Peacemaker: Comic vs Book

Peacemaker Tour BannerGR author pic_webMarianne de Pierres is my guest blogger today. Her new book, Peacemaker, began life as a short story, turned into a comic book and is now galloping towards us a a novel by Angry Robot book. I asked Marianne to talk about writing a comic versus a book.

Peacemaker: Comic vs Book

Peacemaker cover_BlackMy new novel Peacemaker started out as a short story about ten years ago. Even after it was published, the story kind hung around in the back of my mind, whispering subliminal messages to me that it wasn’t done yet.

When I got around to thinking about it again, it demanded to be turned into a novel. I set about making the story transition from short fiction to long form, delving deeper into the narrative and the characters. The protagonist felt very natural to write, and the setting excited me, so it was a fun experience.

That’s what made it all the more curious that, when seventy pages into the novel version, I became smitten with the idea of turning it into an online comic.

Peacemaker_p1_loresI began to talk to friends in the industry. Nicola Scott, Andrew Constant and Paul Jenkins were fantastic and gave me much helpful advice. I knew I was a complete beginner at this kind of writing, and I was acutely aware of my inexperience. Somehow, that still wasn’t enough to stall the whim. I just loved how this world looked in my mind. I had to see it drawn. Thanks to Nicola, I hooked up with emerging artist Brigitte Sutherland, and we opened a dialogue that lead to the first issue being published about a year later.

In that time, I learned a huge amount. I’ve always been someone who writes fairly lean prose. I like to get to the point. I like that you can use just a few words and still pack them full of electrical charge. I take it as a challenge to do that.

Writing the comic then, I told myself, should just be a more compacted version of what I was already doing. Not so!

Peacemaker-CR_webI soon came to the realisation (by the end of the second issue – still unpublished) that it is really the artist telling the story. The writer gives signposts, enhances characterisation and makes sure there is an overall coherence to the plot (a thousand comic writers are going to POW! me off stage right now). Remember, this perspective is framed by a novelists brain. A novelist controls everything about his/her novel. A comic writer has an entirely different process.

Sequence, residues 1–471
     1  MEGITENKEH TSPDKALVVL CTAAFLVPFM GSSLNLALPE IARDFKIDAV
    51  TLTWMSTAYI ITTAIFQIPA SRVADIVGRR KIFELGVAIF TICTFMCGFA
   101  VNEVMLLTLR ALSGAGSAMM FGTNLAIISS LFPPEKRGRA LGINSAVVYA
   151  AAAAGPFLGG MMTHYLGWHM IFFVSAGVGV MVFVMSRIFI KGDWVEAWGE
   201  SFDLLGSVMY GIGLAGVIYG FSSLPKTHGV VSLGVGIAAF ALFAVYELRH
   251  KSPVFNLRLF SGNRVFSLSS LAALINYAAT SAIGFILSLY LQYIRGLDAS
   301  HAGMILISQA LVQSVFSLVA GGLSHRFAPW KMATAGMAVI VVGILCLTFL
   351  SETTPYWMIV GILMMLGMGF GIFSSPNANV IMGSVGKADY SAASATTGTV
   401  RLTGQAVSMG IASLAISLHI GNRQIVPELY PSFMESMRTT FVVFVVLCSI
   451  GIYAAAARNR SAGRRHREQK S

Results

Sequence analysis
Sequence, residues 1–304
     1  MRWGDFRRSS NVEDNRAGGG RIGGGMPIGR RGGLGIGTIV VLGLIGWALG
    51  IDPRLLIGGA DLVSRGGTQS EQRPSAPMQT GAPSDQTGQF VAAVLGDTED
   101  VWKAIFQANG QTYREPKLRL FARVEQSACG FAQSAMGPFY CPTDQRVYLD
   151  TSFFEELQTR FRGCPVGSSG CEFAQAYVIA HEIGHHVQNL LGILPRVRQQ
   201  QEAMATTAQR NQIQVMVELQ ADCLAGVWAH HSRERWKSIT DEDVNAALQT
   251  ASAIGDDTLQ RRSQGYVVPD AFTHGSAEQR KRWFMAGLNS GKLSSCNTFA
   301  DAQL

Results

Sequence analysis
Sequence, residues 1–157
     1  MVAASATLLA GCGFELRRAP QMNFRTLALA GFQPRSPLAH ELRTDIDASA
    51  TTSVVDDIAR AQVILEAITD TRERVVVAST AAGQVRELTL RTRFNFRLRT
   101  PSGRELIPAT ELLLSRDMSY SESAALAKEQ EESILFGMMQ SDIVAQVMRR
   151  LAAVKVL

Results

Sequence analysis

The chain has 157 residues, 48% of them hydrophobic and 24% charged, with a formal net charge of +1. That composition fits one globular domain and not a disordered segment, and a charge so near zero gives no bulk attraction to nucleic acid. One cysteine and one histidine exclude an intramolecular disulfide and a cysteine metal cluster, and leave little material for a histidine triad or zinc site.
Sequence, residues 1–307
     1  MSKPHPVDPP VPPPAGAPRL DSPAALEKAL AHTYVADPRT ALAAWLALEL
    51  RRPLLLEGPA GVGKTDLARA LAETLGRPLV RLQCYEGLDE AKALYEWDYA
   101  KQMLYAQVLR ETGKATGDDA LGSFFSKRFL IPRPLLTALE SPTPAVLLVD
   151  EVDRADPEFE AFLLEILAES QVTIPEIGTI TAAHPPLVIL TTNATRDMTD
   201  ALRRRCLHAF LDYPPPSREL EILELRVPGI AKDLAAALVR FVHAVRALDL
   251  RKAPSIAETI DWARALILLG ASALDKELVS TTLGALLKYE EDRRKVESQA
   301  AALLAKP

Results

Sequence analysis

I had to take myself out of the equation and let the artist and their images tell as much of the story as possible. Most interestingly for me was the fact that I felt compelled to show the reader a glimpse of the antagonist in the very first issue, something I would rarely do in a novel. It was then that I realised the luxury that even a lean writer has in books, playing with their words, creating a slow burn, luring the reader along.

So much time; so many words; such bliss …

Peacemaker will be released as an e-book on 29 April 2014. Check out Angry Robot for links and the print book release dates!

New to Kitty and Cadaver? Find out about the project in About Kitty and Cadaver or start from chapter one at Read the Book.


Nath Holden’s art

The Hobbit by Nath HoldenNath Holden, as some of you may already know, is the artist who created the Kitty and Cadaver banner!  He also created the band shield that we use as an icon, as well as the portraits in the About the Creators section.

You may also know that Nath and I are working on a comic book! Demon of the Earth will tell the origin story of Yuka, the angry drummer whose first band was killed by a demon they accidentally summoned.

Keep an eye on this blog for sneak previews of his prep work, posts on his art techniques and some glimpses of the comic while he turns my story into art!

The talented Jason Franks has been giving us advice on how to go about making a comic book and has offered to do the lettering: so not only is he a fabulous writer (as demonstrated by Bloody Waters and his own comic books) he’s a generous guys with his time and support!

Daenerys Game of ThronesIn the meantime, if you like Nath’s art, he does portraits on commission.

Besides portraits of friends and family, he draws bands and characters from film and television. Like Game of Thrones‘ Daenerys, for example.

(Given my ongoing love affair with Sherlock Holmes and his incarnations, I’m considering a pic of BBC Sherlock to celebrate the filming of season 3!)

Nath commissionsHere are a few examples of his portraits. Nath is a dab hand at Star Trek old and new. He also does regular folks (see About the Creators for his portraits of Jess, me and himself!).

Nurse Chapel (Original Trek) by Nath HoldenIt’s nice to see Nurse Chapel done so well, and look! Leeloo!

Leeloo by Nath Holden

To see more of Nath’s artwork and maybe commission a portrait, visit his Facebook page: Nath Holden – Illustrations or email Nath.

Feel free to leave a comment about this post and the Kitty project below.

New to Kitty and Cadaver? Find out about the project in About Kitty and Cadaver or start from chapter one at Read the Book.